London - “China is our reliable friend,” Russian President Vladimir Putin said on Monday in an interview ahead of a conference in Shanghai. “To expand cooperation with China is undoubtedly Russia’s diplomatic priority.” Most evaluations of the bilateral relationship begin by reciting the historical border disputes, rift between Mao Zedong and Nikita Khrushchev, opening to China by Richard Nixon, and the perennial problem of reaching an agreement on gas pricing. But these are all essentially backward looking and ignore the growing community of interests between the two countries. The case for a closer bilateral relationship on energy, trade, security and diplomatic issues is compelling. In the energy sphere, the two countries are an almost perfect match: the world’s largest net energy exporter and its second-largest net energy importer (2011) with a long land border.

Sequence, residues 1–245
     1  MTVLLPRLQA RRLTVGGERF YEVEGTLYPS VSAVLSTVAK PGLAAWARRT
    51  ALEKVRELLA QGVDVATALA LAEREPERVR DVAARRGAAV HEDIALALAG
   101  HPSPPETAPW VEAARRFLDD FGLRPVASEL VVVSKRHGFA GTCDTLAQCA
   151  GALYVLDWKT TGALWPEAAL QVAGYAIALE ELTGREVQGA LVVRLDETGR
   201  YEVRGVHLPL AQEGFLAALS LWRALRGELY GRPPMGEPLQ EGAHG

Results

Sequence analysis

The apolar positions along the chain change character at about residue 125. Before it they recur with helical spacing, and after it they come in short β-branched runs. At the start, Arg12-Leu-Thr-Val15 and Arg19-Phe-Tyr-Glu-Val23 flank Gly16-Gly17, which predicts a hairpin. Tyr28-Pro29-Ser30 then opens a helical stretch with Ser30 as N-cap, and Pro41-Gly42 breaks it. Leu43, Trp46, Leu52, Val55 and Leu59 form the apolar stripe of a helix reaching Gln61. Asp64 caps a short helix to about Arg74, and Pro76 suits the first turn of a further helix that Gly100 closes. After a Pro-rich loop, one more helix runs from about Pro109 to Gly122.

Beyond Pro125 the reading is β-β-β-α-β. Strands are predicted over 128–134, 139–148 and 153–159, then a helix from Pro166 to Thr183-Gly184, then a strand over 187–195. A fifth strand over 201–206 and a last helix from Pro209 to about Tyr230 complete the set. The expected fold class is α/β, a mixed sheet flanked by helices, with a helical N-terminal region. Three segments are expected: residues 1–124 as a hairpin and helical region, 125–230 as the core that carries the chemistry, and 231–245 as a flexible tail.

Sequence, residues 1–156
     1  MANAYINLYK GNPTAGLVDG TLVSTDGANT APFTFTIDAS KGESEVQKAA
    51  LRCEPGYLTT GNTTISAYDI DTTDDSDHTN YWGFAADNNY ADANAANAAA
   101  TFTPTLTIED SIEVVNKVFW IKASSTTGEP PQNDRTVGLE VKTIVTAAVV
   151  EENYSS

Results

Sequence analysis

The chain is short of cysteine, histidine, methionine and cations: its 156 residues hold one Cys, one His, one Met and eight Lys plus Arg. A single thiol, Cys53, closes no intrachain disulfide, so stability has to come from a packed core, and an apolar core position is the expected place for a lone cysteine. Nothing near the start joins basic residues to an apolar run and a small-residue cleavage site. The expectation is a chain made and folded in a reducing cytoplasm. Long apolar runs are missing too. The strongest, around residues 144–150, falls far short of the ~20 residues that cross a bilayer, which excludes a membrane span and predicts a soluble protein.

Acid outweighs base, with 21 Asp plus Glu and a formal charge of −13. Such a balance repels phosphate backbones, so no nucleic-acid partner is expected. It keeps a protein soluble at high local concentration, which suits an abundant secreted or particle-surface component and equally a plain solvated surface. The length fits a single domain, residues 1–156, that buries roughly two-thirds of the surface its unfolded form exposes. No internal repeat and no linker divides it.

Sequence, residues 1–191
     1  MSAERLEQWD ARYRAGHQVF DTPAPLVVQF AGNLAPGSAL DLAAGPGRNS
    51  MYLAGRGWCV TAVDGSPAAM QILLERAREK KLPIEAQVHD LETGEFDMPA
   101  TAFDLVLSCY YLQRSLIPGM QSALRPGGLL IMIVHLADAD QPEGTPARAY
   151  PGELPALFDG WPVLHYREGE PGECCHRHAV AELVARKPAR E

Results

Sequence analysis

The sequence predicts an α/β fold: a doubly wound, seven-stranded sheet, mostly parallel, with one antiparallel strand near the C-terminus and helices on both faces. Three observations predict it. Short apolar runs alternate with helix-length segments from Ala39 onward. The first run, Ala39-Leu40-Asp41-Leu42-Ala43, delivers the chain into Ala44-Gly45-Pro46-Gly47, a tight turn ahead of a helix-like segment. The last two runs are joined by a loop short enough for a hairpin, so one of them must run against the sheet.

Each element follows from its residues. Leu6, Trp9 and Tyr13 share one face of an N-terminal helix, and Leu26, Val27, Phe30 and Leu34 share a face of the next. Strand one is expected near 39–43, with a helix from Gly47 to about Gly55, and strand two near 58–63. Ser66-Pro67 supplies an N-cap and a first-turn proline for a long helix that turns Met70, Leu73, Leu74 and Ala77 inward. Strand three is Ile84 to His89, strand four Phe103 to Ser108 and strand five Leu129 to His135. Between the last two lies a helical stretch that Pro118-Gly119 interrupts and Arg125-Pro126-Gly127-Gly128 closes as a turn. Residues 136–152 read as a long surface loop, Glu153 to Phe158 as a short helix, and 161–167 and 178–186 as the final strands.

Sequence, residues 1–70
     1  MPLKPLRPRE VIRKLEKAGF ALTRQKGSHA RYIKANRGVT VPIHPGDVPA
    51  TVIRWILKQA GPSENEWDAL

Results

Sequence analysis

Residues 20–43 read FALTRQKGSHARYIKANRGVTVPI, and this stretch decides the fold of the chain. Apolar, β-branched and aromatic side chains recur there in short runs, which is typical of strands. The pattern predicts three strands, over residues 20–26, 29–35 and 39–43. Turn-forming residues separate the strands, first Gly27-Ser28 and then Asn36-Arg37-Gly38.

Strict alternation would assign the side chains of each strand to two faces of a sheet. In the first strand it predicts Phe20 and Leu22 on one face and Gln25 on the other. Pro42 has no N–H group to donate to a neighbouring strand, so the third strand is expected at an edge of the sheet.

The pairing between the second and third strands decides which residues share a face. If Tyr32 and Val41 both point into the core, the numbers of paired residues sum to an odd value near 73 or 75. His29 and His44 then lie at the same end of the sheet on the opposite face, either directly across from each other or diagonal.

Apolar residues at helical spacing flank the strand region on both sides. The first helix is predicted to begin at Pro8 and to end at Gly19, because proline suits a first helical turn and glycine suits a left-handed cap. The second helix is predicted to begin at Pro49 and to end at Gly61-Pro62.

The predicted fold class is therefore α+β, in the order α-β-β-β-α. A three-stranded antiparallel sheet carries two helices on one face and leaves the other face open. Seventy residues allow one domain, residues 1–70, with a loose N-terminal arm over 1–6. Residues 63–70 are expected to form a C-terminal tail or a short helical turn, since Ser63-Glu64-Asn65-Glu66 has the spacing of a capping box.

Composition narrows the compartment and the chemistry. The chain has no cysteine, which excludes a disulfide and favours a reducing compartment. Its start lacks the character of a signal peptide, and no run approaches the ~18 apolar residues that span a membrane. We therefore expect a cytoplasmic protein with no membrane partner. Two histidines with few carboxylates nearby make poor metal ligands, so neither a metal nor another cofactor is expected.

China is already Russia’s largest single trading partner, with bilateral trade flows of $90 billion in 2013, and the two neighbours aim to double the volume to $200 billion by the end of the decade, according to Xinhua, China’s official news agency. The Obama administration’s strategic pivot towards Asia and shifts in the energy market are pushing China and Russia closer together as both react to fears of encirclement and energy security. Russia’s political disagreements with the United States and its allies over Ukraine as well as China’s territorial disputes in the East and South China seas have left them isolated and searching for friends to counterbalance Washington’s network of alliances in Europe and the Pacific. It is classic balance of power politics. My enemy’s enemy is my friend. On Tuesday, the Russian and Chinese navies will begin seven days of joint exercises in the East China Sea. It is the third time the two navies have held joint drills since 2012, according to Xinhua, and underscores the increasingly close cooperation between them as relations with the western powers deteriorate.